Report on the best-selling book, Sprint, by Jake Knapp with John Zeratsky and Braden Kowitz.
I recently graduated from an intense, immersive User Experience Design program at General Assembly. The sheer volume of new information to absorb was…massive. All of this design knowledge and experience is fantastic, but at the end of the day, you need to be on the right track. All of the skills in the world won’t help you if you’re solving the wrong problem, or designing the wrong product for your customer. And to make sure that we are solving for the correct problem, the Sprint method — as defined by Jake Knapp — keeps us on track.
During the 4 months of my cohort, our instructors utilized many of the techniques described in this book. I was able to test quickly, ideate, reiterate, prototype, and re-test in a few days. In this way, I was able to determine if I was on the right track with each project in a very short amount of time.
By using the Sprint method, I get something incredibly valuable: A quick answer. Am I on the right track, or not? This type of clarity is pure gold when strategizing which product, solution, or idea to pursue.
What is a Sprint?
A Sprint is a way to test out the viability of a long-term goal in one week. By Friday, you’ll have a realistic prototype to test. You’ll need to be sure that what you are testing is of high importance to your organization. This will ensure everyone prioritizes the Sprint and gives it 100%. If you’re not sure what to test, ask the experts in different departments to choose a target for your Sprint. Remember, “CEO’s don’t know everything”. The Sprint will move you through the basics of the double-diamond design process in one week, and will tell you if your idea was a winner or not. As Knapp says, it’s a way to “bring focus to the work that matters.” A very brief summary of the week is as follows:
Agree to a long-term goal for your Sprint, and make a map of the challenge.
Ideate solutions and sketch them out.
Choose the best solutions, and weave them into a storyboard.
Turn the storyboard into a realistic prototype.
Interview customers, test prototype, and debrief.
Why you should Sprint
First, you get to combine the knowledge of different teams from across your organization. How often do you really get the voices of development, marketing, sales, design, service, the C-level, etc, all together in a productive way? You get the benefit of combined knowledge, and a variety of viewpoints in your team. This helps to find the best solution and produce better results. And at the end of the day, this is best for your customers.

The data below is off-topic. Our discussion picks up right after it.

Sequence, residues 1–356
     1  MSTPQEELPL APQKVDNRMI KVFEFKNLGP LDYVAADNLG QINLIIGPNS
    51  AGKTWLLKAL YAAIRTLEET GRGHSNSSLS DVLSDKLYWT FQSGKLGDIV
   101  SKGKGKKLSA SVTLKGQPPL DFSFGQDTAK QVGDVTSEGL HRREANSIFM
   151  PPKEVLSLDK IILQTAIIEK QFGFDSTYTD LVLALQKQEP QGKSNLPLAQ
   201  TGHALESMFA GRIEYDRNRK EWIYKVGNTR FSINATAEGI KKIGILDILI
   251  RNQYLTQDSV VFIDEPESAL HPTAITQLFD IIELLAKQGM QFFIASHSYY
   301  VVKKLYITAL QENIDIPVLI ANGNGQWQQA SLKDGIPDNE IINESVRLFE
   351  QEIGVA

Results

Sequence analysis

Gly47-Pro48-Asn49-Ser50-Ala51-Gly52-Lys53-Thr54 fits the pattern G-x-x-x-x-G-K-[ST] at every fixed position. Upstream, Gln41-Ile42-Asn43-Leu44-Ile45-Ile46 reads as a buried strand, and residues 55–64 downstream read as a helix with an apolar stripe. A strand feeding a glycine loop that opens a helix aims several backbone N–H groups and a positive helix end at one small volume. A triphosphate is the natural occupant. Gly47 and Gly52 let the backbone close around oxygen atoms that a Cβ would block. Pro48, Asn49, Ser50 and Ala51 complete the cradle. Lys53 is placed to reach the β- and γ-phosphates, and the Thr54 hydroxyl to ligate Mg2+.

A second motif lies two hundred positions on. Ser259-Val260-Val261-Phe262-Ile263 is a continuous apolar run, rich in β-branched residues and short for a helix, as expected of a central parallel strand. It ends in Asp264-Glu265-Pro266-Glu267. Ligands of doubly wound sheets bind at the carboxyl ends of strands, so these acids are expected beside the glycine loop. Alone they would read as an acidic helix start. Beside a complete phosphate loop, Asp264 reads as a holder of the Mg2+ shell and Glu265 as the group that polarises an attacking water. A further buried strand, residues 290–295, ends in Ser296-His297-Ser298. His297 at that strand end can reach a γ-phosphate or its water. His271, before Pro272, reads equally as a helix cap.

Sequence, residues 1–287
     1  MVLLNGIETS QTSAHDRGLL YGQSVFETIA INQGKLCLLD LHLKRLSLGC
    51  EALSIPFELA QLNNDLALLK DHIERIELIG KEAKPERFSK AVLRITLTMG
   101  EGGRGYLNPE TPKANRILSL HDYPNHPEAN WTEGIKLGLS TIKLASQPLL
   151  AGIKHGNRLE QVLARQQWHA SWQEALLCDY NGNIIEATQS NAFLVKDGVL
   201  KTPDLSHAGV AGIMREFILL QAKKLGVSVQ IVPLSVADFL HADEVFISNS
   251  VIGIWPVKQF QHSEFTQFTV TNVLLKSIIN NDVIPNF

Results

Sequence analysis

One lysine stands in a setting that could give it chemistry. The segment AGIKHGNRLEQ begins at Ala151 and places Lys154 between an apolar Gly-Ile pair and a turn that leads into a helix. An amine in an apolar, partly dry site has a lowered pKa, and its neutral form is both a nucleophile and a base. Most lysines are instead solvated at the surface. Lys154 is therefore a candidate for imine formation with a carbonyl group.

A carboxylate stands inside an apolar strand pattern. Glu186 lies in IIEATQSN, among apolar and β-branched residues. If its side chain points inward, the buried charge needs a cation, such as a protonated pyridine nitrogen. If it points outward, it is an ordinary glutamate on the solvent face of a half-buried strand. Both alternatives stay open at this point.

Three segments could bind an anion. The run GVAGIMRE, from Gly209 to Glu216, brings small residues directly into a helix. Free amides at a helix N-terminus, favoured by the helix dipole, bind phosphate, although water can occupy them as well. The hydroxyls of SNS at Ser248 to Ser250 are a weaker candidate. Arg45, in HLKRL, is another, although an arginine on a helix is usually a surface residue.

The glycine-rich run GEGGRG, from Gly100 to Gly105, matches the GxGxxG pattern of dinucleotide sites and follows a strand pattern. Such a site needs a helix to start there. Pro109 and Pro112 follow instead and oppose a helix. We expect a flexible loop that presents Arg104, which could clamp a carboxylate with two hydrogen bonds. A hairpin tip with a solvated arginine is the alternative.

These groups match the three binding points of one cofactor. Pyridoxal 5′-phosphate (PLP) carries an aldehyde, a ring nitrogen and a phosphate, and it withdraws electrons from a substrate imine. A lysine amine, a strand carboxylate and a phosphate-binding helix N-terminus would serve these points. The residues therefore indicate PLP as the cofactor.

As Knapp says, “Not every idea is a winner.” If you find out that you were way off the mark with your product, you’ve only put a week of time into it. It’s a great way to determine if an idea is viable before devoting tons of time, energy, and resources to it. Waste less time, and get answers faster. What business doesn’t like the sound of that?
The detail with which Knapp explains how to do each part of the Sprint is rich. And he backs it all up with solid examples from real Sprints he’s been involved in. I really appreciate the way he describes Friday’s tasks of conducting one-on-one interviews with product users. He explains the importance of really knowing and understanding your customer, and helping you see how the product will actually fit into their life. The Harry Potter manuscript example is particularly effective. Maybe because I’m a Nerd.
Your Sprint Coach
Knapp coaches you through every part of the process. All of the tips, insider knowledge, and suggestions I’d need to be successful were right in front of me. From how to break down each day of the Sprint, to specific advice for each member of the Sprint team, this book covers it all. Additionally, each day has “Facilitator Notes” so that the Sprint Facilitator will know exactly how to keep the process running smoothly. For example, he suggests a very specific, very cool type of timer so that the Facilitator can keep everyone moving along on a schedule.
Knapp also includes diagrams and pictures of different steps in the Sprint process, illustrating what they should look like in actual practice. He also includes important tips from his experience to prevent big mistakes along the way. And the back of the book has an extensive checklist of what each team member will need for each part of the Sprint, so you can go into it knowing you’re fully prepared.
To reiterate, running a Sprint could be a huge asset to your organization if you plan to grow, improve, or innovate. Basically, if you’re in any business, a Sprint will allow you to save time and precious resources. Also a huge benefit, the process will allow your teams to build confidence in one another’s expertise and in your ability to progress toward big goals. It will provide priceless clarity in just one week. This is next-level process improvement.
On your mark…….get set…….GO!